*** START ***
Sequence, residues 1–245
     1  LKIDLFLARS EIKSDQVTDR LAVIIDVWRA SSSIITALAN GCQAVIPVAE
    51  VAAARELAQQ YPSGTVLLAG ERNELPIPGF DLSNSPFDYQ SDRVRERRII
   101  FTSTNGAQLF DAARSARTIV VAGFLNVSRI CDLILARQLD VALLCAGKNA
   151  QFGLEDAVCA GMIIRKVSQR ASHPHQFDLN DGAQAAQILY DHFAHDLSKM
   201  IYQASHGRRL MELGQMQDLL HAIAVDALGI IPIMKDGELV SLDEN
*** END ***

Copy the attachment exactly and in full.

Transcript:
Sequence, residues 1–245
     1  LKIDLFLARS EIKSDQVTDR LAVIIDVWRA SSSIITALAN GCQAVIPVAE
    51  VAAARELAQQ YPSGTVLLAG ERNELPIPGF DLSNSPFDYQ SDRVRERRII
   101  FTSTNGAQLF DAARSARTIV VAGFLNVSRI CDLILARQLD VALLCAGKNA
   151  QFGLEDAVCA GMIIRKVSQR ASHPHQFDLN DGAQAAQILY DHFAHDLSKM
   201  IYQASHGRRL MELGQMQDLL HAIAVDALGI IPIMKDGELV SLDEN